'What is your name?' 'Eliezer S. Yudkowsky.' 'IT DOESN'T MATTER WHAT YOUR NAME IS!!!':
> It sounds to me like Putnam, or the person explaining Putnam, or
> someone, is failing to clearly distinguish between the question "What is
> truth?" and "What is rational?"
This isn't an error. Putnam explicitly argues for their equivalence. True statements are those statements which, objectively speaking, we OUGHT to believe.
Morality is objective in exactly the same sense and in exactly the same way that rationality is objective.
[If it helps, here where I say "morality" insert "meaning of life." Also assume that I'll use rationality and morality interchangeably. If you don't believe that rationality is morality, then change every instance of the word "rationality" in my argument to "morality" and re-read.]
I have many midterms due this week, so I'm not going to post on this again for a while, but...
> The truth precedes us, generated us, and acts according to laws of
> physics which we cannot specify. There is an objective answer to the
> question "What is truth?".
This seems an odd thing to say, since these two claims are directly incompatible. An "answer" is a special kind of statement. There is no such thing as a statement which cannot be stated. (If you think that there can be, then you're using a Very Different definition of statement than I am.) If it can't be specified, then it's not an answer.
Anyway, I hold that there is an objective answer to the question "what is truth," one which CAN be stated. I wholeheartedly agree that it preceded us, was the cause of our creation, etc. I also believe that the question "what is truth" is equivalent to the question "what should I believe?" I also believe that questions of morality, questions of "what should I do?" have objective answers. Thus, "what is truth" has an objective answer because "what should I believe" has an objective answer. Finally, "what should I believe" is exactly what I mean when I say "what is rational," so it ALSO has an objective answer.
> Rationality is the process whereby we attempt to arrive at the truth.
> There is no objective answer to the question "What is rational?", not
> *here*, not without direct access to objective reality.
If you mean that we simply don't have ACCESS to the objective answer to the question "what is rational," but that access is possible through thought/approximation, then we're probably in agreement. This is very different from saying that the answer does not exist.
> Rather, "How should rationality work?" is an engineering question
> about how to create systems that can model and manipulate reality - or
> rather, how to create parts of reality whose internal patterns mirror
> the whole, to the point that the internal process can predict the
> external processes in advance.
Here, again, we're in agreement. But what makes you think we have access to the answer to "how should rationality work?" That use of should drops this question in the realm of morality. This question should be as dimly lit (or as brightly lit) as the question "what is rational." (Indeed, under my account, you should have EXACTLY as much certainty about both of these questions.)
> As for AI, it seems to me that the concept of an internalist mental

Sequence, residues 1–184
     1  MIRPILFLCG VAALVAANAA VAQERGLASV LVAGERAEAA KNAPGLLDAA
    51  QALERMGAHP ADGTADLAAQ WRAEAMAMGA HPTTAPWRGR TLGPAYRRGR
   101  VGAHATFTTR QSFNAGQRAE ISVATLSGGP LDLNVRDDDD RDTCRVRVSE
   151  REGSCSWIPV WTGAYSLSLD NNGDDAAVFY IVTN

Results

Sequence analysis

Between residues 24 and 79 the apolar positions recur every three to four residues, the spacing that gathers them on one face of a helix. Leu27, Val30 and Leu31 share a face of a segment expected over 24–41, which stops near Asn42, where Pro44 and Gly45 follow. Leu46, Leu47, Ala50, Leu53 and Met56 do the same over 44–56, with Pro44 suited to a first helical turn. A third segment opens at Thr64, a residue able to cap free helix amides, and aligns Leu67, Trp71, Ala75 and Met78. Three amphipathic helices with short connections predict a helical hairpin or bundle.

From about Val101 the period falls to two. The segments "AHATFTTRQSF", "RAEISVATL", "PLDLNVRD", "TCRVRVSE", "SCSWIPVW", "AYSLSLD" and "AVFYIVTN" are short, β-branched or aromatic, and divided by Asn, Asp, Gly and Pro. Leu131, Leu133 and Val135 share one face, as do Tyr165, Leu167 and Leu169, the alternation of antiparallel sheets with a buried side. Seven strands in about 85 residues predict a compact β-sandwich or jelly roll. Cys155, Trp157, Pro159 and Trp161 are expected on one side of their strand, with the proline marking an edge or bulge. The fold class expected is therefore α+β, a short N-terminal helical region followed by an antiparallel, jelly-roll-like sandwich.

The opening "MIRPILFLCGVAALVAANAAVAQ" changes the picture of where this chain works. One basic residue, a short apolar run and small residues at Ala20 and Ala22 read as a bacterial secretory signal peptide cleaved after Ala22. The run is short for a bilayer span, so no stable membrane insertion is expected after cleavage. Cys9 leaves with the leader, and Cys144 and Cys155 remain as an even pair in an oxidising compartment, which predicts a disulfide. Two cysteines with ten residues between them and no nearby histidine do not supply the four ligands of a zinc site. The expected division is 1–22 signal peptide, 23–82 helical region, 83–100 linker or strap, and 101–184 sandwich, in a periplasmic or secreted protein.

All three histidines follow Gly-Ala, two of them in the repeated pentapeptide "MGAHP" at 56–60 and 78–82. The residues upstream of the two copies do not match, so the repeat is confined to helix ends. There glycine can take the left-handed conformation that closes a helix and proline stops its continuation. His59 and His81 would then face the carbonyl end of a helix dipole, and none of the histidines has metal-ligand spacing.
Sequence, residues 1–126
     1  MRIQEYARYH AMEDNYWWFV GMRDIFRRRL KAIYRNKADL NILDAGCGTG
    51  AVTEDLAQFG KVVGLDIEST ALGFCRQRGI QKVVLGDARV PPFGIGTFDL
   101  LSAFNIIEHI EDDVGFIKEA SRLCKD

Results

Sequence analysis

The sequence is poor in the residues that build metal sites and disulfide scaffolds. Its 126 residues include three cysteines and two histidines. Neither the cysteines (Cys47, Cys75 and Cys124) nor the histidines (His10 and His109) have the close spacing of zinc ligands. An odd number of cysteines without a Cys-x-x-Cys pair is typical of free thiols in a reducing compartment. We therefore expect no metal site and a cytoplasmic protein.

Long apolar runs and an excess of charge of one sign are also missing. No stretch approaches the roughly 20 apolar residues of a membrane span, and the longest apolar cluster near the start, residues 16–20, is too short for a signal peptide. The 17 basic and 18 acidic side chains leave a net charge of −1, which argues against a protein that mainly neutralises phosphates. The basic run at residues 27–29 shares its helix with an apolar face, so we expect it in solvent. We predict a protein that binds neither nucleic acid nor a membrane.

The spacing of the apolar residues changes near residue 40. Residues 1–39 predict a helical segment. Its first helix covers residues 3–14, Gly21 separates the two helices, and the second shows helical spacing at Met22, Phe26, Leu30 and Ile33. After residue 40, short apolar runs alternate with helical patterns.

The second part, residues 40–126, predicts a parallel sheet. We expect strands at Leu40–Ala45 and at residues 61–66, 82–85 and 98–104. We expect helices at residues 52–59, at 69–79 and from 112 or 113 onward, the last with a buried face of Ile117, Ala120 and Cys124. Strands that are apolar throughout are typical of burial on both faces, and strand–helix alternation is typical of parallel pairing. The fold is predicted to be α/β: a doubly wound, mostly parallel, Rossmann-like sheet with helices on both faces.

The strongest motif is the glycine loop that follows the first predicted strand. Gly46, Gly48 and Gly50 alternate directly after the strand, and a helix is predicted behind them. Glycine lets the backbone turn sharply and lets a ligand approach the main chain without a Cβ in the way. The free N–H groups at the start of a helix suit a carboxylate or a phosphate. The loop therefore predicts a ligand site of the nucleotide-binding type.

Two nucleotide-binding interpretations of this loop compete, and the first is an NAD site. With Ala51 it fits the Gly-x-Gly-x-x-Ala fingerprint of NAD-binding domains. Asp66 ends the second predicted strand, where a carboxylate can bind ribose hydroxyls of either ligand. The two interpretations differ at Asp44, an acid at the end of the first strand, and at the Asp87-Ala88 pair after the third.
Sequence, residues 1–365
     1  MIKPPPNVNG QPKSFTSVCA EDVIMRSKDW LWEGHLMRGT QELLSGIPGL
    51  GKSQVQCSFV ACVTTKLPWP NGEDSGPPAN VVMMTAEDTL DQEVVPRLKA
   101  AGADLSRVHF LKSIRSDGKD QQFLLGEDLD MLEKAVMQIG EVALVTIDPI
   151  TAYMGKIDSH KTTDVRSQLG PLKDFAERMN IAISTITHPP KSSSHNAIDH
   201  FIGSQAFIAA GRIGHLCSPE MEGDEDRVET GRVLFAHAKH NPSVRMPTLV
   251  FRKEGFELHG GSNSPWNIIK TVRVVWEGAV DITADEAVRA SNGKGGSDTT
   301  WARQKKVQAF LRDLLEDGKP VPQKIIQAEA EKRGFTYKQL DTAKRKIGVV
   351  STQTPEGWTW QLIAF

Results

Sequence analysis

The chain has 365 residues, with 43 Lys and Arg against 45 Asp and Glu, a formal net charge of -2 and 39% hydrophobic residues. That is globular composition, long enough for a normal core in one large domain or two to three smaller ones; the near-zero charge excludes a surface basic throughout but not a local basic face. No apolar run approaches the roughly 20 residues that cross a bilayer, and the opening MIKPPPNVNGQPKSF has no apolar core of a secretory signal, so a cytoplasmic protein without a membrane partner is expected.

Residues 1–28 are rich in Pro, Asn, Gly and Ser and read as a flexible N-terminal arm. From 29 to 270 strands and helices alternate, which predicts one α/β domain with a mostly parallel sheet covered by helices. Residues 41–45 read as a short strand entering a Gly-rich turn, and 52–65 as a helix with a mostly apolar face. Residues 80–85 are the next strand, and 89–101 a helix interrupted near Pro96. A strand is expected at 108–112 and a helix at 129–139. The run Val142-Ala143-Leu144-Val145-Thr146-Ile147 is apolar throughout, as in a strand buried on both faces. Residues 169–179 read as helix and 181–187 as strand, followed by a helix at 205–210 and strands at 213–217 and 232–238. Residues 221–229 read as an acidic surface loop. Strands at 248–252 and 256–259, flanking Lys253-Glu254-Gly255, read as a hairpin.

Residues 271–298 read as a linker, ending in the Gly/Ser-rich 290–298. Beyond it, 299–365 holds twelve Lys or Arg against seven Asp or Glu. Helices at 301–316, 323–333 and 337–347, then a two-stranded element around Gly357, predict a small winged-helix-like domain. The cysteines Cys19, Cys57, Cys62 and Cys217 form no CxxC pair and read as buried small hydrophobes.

> model is a confusion between "is" and "should". A reference to "green"
> *is* the cognitive concept of "green", but what it *should* be, what the
> system tries to make it converge to, is the external reality of green.
But the words "external reality" CANNOT REFER to external reality in the sense that you use it. It can refer to your own internal construct which you call "external reality," but you can't actually cook up a theory of reference that can make the connection from your words to the right thing under your conception.
Having said that, I again assert that positing the existence of an external reality is a very good idea, we objectively ought to do it, and, according to my theory of truth, I assert that it is TRUE that external reality exists, and that our words model it. We both agree that our beliefs SHOULD line up with external reality. However, I know what my words mean when I say that, HOW they refer to external reality; you do not appear to.
> If you have a wholly internalist system, then the concepts don't
> converge to anything. If the only definition of correctness is the
> thought itself, there's no way to correct malfunctions. The system is
> meta-unstable. The AI thinks "I can't possibly be wrong; anything I
> think is by definition correct," and then it gets silly, just like
> subjectivist humans.
Again, this is absolutely wrong. Our beliefs converge onto true beliefs. (Or, at least, they OUGHT to converge onto true beliefs!) No AI could rationally accept the claim that "I can't possibly be wrong." The claim is OBVIOUSLY irrational. The subjectivists buy it, but Putnam doesn't, and I sure don't.
"Internalism is not a facile relativism that says, 'Anything goes'. Denying that it makes sense to ask whether our concepts 'match' something totally uncontaminated by conceptualization is one thing; but to hold that every conceptual system is therefore just as good as every other would be something else. ... Internalism does not deny that there are experiential *inputs* to knowledge; knowledge is not a story with no constraints except *internal* coherence; but it does deny that there are any inputs *which are not themselves to some extent shaped by our concepts*, by the vocabulary we use to report and describe them, or any inputs *which admit of only one description, independent of all conceptual choices*."
-unless you love someone-
-nothing else makes any sense-